MORE ON NEW EIA DATA

Renewables have outpaced nuclear and coal to start 2020, PV Magazine
In the latest edition of Electric Power Monthly, Energy Information Administration (EIA) data shows that renewable resources have generated more electricity through May 31st than both coal and nuclear power.

AGGREGATED COMMUNITY SOLAR PROJECTS

First downstate project through Illinois community solar program underway, Energy News Network. The first community solar project in downstate Illinois facilitated by the state’s 2017 Future Energy Jobs Act is now being built, showing both the potential of the wildly popular program and the challenges of implementing it. Washington D.C.-based Summit Ridge Energy won the rights to sell renewable energy credits for 18 projects in downstate Ameren utility territory and 23 in ComEd’s territory in northern Illinois. So far it’s signed up 8,479 customers to participate in the community solar installations — just over half the subscribers it needs to be fully subscribed. 

MIDWEST SOLAR SCHOOLS

C2 Energy Capital Works with Solar Partners to Guide a School Solar Project to Successful Completion, C2 Capital News Release, PRNewswire

“The average price of a school solar installation has dropped 67% in the last ten years, making solar energy a smart decision for schools’ budgets. The most important factor for a successful solar installation in a school is an experienced team. Together, our partners have installed solar on dozens of schools in the Midwest and we are proud of the level of expertise, quality, and service we can offer,” says Richard Dovere, Co-founder and Managing Member of C2 Energy Capital.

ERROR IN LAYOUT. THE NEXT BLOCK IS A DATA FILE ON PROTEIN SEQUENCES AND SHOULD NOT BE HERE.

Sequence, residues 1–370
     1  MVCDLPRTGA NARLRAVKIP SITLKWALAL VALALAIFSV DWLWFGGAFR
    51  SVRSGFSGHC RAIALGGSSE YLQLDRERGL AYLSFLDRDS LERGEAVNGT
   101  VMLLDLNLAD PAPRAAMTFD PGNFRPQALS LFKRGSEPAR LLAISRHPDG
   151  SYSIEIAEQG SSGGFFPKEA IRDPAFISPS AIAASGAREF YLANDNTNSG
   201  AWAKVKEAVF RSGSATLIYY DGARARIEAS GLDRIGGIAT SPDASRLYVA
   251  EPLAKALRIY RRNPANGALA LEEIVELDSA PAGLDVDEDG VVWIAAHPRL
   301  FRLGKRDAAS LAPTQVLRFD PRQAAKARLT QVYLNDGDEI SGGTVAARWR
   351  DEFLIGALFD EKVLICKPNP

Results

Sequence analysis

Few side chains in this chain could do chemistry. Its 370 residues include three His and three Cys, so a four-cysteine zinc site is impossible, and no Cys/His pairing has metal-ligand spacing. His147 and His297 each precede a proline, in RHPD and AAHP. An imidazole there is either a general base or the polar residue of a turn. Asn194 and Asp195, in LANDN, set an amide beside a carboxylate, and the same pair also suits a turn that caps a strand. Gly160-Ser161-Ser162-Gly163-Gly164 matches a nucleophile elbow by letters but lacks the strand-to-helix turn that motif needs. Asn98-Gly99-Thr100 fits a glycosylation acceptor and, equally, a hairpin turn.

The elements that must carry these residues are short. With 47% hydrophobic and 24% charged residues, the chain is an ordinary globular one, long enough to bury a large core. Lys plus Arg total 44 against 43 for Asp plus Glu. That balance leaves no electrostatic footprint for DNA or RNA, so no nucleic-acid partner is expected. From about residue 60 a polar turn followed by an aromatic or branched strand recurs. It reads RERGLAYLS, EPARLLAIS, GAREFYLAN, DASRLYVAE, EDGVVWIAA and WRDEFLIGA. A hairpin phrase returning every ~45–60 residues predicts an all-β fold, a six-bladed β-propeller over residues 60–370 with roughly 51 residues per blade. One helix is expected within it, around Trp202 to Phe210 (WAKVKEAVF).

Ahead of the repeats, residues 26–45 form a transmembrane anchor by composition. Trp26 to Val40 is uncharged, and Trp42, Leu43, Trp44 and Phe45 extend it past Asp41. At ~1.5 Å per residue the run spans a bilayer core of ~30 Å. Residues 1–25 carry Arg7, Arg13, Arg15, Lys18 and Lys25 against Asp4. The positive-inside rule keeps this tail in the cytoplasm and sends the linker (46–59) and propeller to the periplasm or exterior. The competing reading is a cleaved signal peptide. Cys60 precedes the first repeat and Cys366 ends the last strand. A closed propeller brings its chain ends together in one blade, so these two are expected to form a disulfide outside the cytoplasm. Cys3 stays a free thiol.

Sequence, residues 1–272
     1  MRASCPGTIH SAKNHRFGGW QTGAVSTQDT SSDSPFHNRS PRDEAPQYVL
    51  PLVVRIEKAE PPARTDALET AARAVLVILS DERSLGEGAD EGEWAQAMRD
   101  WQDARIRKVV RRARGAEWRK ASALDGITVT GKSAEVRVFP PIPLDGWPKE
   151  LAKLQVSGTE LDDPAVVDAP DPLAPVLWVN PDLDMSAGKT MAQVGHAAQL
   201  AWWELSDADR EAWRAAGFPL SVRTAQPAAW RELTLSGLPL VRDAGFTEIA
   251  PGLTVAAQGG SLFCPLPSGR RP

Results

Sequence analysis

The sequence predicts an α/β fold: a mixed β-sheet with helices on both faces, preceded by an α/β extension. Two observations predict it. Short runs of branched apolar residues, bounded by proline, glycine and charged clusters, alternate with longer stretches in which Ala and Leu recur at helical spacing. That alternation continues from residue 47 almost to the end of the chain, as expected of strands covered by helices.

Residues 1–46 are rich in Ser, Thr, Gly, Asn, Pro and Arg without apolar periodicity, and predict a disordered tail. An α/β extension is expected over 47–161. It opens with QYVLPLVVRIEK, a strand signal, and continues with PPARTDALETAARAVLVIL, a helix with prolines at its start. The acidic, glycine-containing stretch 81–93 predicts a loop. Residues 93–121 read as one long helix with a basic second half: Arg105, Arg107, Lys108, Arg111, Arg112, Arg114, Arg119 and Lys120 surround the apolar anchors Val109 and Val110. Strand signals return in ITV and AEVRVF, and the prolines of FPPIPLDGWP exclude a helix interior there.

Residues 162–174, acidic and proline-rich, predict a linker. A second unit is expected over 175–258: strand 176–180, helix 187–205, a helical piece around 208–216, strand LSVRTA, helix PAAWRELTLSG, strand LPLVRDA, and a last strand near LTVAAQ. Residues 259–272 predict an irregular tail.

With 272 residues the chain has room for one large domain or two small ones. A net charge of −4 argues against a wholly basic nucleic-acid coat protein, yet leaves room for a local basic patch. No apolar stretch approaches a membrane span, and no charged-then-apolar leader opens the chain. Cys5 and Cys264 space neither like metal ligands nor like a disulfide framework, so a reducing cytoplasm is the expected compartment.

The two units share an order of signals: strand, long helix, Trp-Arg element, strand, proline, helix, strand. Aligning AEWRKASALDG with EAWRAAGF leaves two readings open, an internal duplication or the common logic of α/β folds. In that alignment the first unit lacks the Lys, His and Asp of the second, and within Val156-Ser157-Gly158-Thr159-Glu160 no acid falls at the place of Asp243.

The partnership between C2 Energy Capital, First Solar, and SP&L took a value-driven approach that resulted in cost-savings and reduced project risk for the school through strategic technology procurement, employing local and Ohio resources, and arranging ongoing project performance analysis. 

EVANGELICAL ENVIRONMENTAL NETWORK

Can an evangelical group change Ohio lawmakers’ minds on clean energy?, Energy News Network

An evangelical group has a stark message for Ohio lawmakers: If you care about unborn children, clean up the air their mothers breathe. “As a pro-life Christian, I believe pollution harms the unborn, causing damage that lasts a lifetime,” reads a petition signed by more than 53,000 Ohioans in support of moving the state to 100% clean electricity by 2030. The petition, circulated by the nonprofit Evangelical Environmental Network, was delivered to lawmakers on July 16. Its potential political impact was unclear then and is even more so now after federal authorities arrested the speaker of the Ohio House and others as part of an alleged $60 million bribery scheme